How To Construct A Gravel Path

Laying a gravel path is inexpensive, the walk is easy to maintain, and will be relatively free of weeds if you follow these steps.

Gravel walkways are inexpensive to construct and easy to maintain. All you need is a shovel, a rake, a rubber mallet, a rule, a pair of scissors, a bit of sweat, an afternoon without a football game to divert your attention, and you can create a functional and beautiful addition to your home.

The biggest problem with a gravel walkway is, if poorly constructed, weeds will start popping up between the stones. But if you pay special attention when you construct the footer, you'll all but eliminate that possibility. My own gravel walkway is about two years old now and I haven't had a bit of trouble with it, except that it requires an occasional once-over with a rake to smooth out the stones that have shifted around from use.

Before you begin you will need, other than the aforementioned tools, enough weather-treated 2x6's to place end to end along each side of your walkway, a roll of six-mil plastic sheeting, gravel, sand, and strong weed killer.

Decide the location of your walkway, it's course and it's length. If you feel more secure by doing so, you may want to outline it with pegs and string.

As I said, we're going to be overly-cautious from the beginning. You want your walkway to last a long time and, horrors, you don't want weeds. So we're going to take special care with the footer. A little bit of extra work now will save a lot of grief in the future. I can't emphasize that enough. (By the way, my definition of a weed is any plant that is growing where I don't want it to.)

Start by digging a long, narrow trench -- maybe about an inch or two deep -- that will outline both edges of your walkway. Use your rule occasionally to be sure that the width is consistent -- about three feet should be enough, but you may opt for something a bit wider or narrower. At the beginning of the walk, or at the end, or both, you may also want to flair out the sides a bit. When your trenches are finished, you're ready to dig the footer.



Scoop out the footer between your guides, about six inches deep. Keep the depth as consistent as possible. Then work the soil at each edge of the footer with a rake so that there is about 1 inch of loose soil on top, and about four inches from each side.

As I said before, the last thing you want is weeds and grass to infest your walkway. So we're going after those little buggers with a vengeance. After you dig the footer, place the weather treated boards along each side to keep herbicide from contaminating the surrounding grass. You may have to cut these in several pieces to fit, especially if your walkway curves. Pound them into the loose soil at the bottom of the footer to make a tight seal. Then apply the weed killer to the bare soil. Be sure to read the directions on the package so you won't pollute the neighborhood. Depending on the strength of the brew, a single application should kill most of the seeds and spores present.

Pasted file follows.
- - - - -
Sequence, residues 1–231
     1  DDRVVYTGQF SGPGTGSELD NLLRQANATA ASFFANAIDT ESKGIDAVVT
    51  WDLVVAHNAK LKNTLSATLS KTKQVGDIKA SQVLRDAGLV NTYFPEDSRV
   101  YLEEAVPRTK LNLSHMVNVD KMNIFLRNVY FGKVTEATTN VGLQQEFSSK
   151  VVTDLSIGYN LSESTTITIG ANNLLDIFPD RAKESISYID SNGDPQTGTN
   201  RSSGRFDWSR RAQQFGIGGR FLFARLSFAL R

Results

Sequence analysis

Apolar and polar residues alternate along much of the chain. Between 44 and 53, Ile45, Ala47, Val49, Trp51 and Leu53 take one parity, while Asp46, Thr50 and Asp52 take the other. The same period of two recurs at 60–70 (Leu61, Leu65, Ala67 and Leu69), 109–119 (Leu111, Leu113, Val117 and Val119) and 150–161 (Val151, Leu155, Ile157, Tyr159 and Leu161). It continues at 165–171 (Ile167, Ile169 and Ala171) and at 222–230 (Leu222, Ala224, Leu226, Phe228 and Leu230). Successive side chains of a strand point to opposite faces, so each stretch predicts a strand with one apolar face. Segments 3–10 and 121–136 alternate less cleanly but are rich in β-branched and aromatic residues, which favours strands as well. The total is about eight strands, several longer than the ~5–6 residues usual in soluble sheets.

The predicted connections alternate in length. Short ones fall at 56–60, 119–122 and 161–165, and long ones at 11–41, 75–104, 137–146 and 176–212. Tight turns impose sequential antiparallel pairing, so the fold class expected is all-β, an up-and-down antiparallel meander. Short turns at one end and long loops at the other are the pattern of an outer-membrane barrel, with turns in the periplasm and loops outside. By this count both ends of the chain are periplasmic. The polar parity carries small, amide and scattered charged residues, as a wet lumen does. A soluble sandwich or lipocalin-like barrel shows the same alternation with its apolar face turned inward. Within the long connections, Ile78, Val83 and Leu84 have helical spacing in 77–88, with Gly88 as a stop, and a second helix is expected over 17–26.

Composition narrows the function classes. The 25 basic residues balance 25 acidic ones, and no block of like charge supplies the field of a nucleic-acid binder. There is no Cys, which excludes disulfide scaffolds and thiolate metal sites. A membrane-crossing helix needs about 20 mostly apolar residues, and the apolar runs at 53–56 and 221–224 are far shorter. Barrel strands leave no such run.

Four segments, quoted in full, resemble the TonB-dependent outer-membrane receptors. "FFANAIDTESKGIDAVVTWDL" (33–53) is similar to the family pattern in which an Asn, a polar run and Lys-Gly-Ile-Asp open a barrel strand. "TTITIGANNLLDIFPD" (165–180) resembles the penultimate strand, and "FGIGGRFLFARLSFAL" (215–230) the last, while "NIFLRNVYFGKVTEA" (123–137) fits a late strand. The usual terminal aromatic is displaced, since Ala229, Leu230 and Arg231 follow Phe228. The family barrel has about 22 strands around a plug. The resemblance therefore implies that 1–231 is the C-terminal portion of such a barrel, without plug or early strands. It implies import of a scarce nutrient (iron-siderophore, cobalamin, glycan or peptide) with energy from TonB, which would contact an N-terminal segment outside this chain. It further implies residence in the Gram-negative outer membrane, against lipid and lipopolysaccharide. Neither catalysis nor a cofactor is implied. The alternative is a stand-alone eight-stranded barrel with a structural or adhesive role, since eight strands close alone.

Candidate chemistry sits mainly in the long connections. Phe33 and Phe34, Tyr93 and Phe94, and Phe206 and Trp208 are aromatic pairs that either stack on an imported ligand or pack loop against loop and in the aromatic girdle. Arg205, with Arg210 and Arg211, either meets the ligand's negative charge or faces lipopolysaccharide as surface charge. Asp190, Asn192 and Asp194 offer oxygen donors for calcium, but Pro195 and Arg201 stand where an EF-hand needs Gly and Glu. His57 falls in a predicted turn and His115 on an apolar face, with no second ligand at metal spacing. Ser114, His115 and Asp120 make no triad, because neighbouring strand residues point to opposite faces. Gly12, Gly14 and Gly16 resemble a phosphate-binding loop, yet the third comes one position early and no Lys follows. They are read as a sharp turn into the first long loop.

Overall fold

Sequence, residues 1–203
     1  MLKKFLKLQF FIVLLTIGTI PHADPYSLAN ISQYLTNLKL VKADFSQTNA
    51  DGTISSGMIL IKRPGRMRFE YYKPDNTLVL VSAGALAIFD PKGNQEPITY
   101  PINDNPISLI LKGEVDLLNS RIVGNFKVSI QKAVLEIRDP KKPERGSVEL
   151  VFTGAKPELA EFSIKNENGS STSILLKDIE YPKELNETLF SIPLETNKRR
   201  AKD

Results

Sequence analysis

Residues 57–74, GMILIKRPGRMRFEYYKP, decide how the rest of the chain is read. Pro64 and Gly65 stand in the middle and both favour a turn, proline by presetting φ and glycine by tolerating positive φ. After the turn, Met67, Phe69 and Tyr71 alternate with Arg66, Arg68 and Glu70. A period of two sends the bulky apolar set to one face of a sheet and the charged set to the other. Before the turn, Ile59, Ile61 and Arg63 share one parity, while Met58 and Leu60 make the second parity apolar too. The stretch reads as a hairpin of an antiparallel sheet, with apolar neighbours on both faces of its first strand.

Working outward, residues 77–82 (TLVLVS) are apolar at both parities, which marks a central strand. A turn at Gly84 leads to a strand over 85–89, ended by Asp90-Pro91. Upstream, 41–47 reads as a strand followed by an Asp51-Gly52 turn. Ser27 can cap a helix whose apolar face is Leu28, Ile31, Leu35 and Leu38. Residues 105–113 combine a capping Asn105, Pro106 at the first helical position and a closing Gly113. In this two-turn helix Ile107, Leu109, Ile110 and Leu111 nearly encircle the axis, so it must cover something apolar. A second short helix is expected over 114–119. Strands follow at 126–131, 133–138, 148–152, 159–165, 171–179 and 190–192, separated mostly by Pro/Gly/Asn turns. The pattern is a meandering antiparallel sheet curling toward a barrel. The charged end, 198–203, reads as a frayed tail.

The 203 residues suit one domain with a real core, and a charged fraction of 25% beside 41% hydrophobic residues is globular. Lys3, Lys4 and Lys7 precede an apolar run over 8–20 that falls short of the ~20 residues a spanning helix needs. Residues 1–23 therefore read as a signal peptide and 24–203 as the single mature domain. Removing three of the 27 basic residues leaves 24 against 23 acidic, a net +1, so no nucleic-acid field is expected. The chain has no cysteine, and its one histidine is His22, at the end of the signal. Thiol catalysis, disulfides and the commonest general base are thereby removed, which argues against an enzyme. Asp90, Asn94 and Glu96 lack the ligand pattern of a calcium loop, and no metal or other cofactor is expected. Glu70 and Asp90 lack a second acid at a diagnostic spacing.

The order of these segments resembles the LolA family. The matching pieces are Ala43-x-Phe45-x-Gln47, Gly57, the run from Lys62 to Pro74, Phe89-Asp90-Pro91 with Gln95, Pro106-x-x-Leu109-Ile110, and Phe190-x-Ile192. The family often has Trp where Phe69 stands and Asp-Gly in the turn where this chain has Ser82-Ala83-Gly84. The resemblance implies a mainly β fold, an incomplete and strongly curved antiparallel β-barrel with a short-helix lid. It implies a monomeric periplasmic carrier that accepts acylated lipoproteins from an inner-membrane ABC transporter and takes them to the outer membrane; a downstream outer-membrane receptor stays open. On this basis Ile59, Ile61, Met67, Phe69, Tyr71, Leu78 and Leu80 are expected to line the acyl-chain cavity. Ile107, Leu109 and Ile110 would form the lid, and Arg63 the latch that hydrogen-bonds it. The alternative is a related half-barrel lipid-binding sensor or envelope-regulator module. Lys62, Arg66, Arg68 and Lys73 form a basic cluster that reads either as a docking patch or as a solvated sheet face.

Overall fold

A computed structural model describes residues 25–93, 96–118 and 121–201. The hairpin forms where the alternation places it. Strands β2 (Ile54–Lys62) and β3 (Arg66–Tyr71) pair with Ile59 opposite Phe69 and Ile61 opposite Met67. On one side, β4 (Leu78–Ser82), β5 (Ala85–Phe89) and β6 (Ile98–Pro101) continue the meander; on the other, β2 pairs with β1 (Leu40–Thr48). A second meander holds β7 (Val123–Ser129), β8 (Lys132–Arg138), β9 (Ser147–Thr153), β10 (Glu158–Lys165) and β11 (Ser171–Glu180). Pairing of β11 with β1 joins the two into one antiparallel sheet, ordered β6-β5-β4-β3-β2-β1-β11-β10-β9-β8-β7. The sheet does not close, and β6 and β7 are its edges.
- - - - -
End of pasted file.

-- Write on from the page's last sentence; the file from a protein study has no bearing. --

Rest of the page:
Once the footer has been sterilized, remove the boards and put them aside. Begin cutting the plastic sheeting from your roll with ordinary scissors. The plastic should cover the entire bottom of the footer and lap up the sides about halfway. Just be to sure that nothing left alive in the soil can grow and punch through the plastic, I used three layers for my base. I would recommend at least two. You can buy the stuff in various sized rolls at your local farm supply, and it's fairly cheap. Farmers use it to cover hay bales stored outside their barns.

Once you have laid all your sheeting, replace the weather treated 2x6's along the sides of your footer. Rap them home with your rubber hammer and, again, make a tight seal, but not enough to rip the plastic. The tops of the boards should be about a quarter-inch higher than the top of the ground. Now spread clean sand over the sheeting to a depth of about two inches. This will provide some cushioning so that the stones you are about to spread won't punch through the plastic.

The choice of gravel is up to you. Smooth, round river gravel comes in various sizes from about 1/2 inch to three inches in diameter. The one inch size is just about right. For my own walkway, I used crushed limestone. I think it looks better and its irregular surface prevents it from shifting around too much under the movement of feet. The downside is that some of the rocks have pretty sharp edges and can cut through the plastic sheeting if you neglect to add the sand for cushioning.

Rake your stones so that the top of the walkway is about one half inch below the top of the boards. Then wet the whole sidewalk down thoroughly with a water hose. Be certain, however, that at least one end of walkway is not blocked. You'll want a place for water to drain.

Treat any weed that pokes its head though the gravel like your worst enemy. Pluck it out before it has a chance to seed and spread. If you are careful from the very beginning, you probably won't have this problem. When cutting grass, for instance, never allow cuttings to spray your walkway. And I treat my walkway twice a year with weed killer. The first weed has yet to show its ugly face.

It simply wouldn't dare!

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